Prem Sikka: The Tories are pushing our already-battered economy to the brink

Our economy was in a weak position before Covid. Now mismanagement is steering us towards a Great Depression.

For the three months to June, the UK’s gross domestic product (GDP) declined by 20.4% – making a total of 22.1% for the first six months of the year. The UK’s recession is worse than any other pandemic-hit country.

The severe economic downturn is due to two main reasons. Firstly, the economy was in bad shape before the pandemic. Secondly, the government response to the pandemic was poor and will also hamper economic recovery.

Before Covid

A key requirement for a resilient economy is that the masses must have good purchasing power to enable them to purchase goods and services. This has been systematically eroded by austerity, wage freezes, low wages and lack of redistribution.

Anti-trade union laws have eroded workers’ rights and capacity to secure a decent wage. In 1976, workers’ share of the UK GDP as wages was 65.1%. By the end of 2019, it stood at 49.7%. The destruction of the manufacturing sector, the loss of related skilled and semi-skilled jobs, and their replacement by low-paid service sector jobs has turned the UK into a low-wage economy.

Pay in real terms today is lower than it was before the financial crash. Meanwhile, the average income of the richest 20% of people is over six times higher than the poorest 20%.

Out of a population of around 68 million, some 14 million live in poverty, including four million children and two million retirees. Foodbanks and charity shops selling second-hand clothes dominate city centres. Nearly three million Brits are malnourished and 1.3 million of these are over the age of 65. At around 29% of average earnings, the UK state pension is the lowest amongst industrialised nations.

Some 12.8 million households have savings of £1,500 or less, and the household debt is around £1,680bn. The absence of good disposable income and savings eroded people’s capacity to spend and paved the way for a deep recession. It is hard to think of any government policy that has sought to redistribute income or wealth towards the majority.

After the disaster

The government has given some financial support to employees, the self-employed and businesses – but many have slipped through the gaps. The House of Commons Treasury Committee reported that millions of employees and self-employed have not received any financial help. Nearly 7.8 million people are facing food insecurity.

The government eventually expanded its loan scheme for small businesses. Rather than giving loans directly to small businesses, it chose to pass them through banks. Thousands of small businesses are unable to secure loans as banks are taking weeks to process applications. In some cases, entrepreneurs are waiting for three months just to get an appointment to speak to the bank manager.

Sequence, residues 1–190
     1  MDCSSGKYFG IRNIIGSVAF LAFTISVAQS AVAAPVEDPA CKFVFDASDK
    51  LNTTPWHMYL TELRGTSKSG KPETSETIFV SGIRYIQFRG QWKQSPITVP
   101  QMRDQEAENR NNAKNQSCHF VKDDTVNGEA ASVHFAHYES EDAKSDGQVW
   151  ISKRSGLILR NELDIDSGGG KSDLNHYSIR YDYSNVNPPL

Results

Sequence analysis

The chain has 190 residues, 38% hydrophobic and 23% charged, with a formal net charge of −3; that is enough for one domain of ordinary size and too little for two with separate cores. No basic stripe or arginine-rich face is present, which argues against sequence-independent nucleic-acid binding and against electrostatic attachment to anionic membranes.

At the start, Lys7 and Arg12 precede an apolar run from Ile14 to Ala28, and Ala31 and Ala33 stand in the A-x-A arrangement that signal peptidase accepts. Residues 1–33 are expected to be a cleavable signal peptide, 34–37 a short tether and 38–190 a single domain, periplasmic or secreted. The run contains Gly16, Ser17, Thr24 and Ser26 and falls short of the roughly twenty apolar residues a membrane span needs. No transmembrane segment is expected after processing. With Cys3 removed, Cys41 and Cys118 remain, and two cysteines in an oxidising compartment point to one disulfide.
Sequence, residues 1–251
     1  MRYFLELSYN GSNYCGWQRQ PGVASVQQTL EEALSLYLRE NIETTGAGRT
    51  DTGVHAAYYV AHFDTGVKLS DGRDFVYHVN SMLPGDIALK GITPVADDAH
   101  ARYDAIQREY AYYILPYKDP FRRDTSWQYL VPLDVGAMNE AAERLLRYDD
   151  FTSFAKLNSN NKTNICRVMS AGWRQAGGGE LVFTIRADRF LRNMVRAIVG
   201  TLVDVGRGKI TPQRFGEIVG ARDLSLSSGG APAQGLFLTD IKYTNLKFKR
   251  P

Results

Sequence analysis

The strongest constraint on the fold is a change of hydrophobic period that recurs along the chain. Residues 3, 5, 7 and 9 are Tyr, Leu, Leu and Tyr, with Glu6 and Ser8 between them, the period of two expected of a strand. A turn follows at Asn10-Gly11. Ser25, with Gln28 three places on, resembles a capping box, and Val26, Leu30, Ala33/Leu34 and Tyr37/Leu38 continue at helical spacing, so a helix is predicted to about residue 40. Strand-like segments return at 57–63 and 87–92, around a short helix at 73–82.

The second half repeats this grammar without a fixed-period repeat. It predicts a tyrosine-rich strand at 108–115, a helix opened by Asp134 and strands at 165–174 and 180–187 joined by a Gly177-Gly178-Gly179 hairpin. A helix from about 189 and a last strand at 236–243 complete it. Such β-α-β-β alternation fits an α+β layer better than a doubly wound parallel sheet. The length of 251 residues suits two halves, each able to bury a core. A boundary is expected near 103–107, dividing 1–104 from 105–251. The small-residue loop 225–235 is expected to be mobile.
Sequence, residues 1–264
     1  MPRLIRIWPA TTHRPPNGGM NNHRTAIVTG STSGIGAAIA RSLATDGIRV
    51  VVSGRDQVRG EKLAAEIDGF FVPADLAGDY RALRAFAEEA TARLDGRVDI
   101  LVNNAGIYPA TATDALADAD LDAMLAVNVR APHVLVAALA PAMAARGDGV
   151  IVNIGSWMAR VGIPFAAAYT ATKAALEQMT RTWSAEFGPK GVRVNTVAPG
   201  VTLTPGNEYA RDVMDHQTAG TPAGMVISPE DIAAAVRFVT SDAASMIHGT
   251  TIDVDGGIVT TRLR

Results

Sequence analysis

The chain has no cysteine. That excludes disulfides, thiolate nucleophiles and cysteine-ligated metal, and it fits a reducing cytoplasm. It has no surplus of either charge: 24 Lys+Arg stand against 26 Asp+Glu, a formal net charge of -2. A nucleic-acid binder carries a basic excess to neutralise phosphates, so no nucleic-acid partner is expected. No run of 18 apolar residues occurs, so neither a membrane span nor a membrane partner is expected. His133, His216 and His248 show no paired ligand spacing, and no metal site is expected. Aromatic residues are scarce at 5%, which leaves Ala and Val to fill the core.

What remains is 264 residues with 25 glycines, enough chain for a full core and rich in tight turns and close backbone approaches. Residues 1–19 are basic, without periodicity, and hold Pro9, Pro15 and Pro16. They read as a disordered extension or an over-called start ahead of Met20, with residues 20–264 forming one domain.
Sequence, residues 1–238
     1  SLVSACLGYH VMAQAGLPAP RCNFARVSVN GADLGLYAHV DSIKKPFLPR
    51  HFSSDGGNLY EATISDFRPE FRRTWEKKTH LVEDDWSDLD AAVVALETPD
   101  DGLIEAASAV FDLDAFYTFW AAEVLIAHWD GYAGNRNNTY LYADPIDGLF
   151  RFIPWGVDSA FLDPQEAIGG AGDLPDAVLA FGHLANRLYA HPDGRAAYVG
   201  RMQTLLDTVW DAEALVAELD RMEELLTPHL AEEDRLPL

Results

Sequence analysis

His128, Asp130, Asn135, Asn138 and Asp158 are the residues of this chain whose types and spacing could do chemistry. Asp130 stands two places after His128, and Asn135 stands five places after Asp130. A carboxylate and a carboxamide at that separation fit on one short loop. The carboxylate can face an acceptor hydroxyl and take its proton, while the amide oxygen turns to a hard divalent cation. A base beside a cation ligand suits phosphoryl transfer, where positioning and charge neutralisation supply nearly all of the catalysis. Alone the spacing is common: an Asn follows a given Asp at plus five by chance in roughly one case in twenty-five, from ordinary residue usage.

The UK government’s one-size fits-all approach to financial support is a source of problems. The staff furlough scheme ends in October and businesses will need to pay 10% of employee salaries in September, rising to 20% in October. However, some sectors such as theatres, cinemas, hotels, cafes, art galleries, and museums have barely restarted and are a long way from recovery. Some sectors such as air travel, leisure and education will go through painful restructuring for a few years. Yet the government-aid has taken no account of the unique situations in sectors or regions.

Instead, the government is handing vast amounts of money to companies and their billionaire controllers without any means-testing to see if they need it. This has not been accompanied by any stipulations to maintain jobs, repatriate offshore operations or reduction of carbon emissions. Some companies taking the government money have fired staff or rehired them on lower pay, which will further depress people’s purchasing power.

Organisations like British Airways and EasyJet have received interest-bearing repayable government loans. The repayments will make a hole in corporate cash flows and hamper recovery. Instead, the government should have taken an equity stake in companies to dilute cash flow pressures and improve their chances of survival.

The abrupt ending of the furlough staff scheme will create a spike in unemployment, which the government can avoid. In addition, it is also about to hit the economy with a No Deal Brexit which could add £250 a year to household food bills.

It’s time for ministers to change their approach and start paying attention to detail.  They need to redistribute income/wealth to boost people’s spending power. They need to invest in new green industries and manufacturing to create jobs. And they need to take up the unemployment slack by expanding recruitment in the public sector: building flood defences, upgrading our reservoirs and our infrastructure.

Here’s some other ideas: reducing the state pension age to free-up some jobs, waiving study fees, and providing living grants to enable people to retrain and learn new skills. The shame is that the government lacks any vision.

Prem Sikka is Professor of Accounting at University of Sheffield and Emeritus Professor of Accounting at University of Essex. He is a Contributing Editor to LFF and tweets here.

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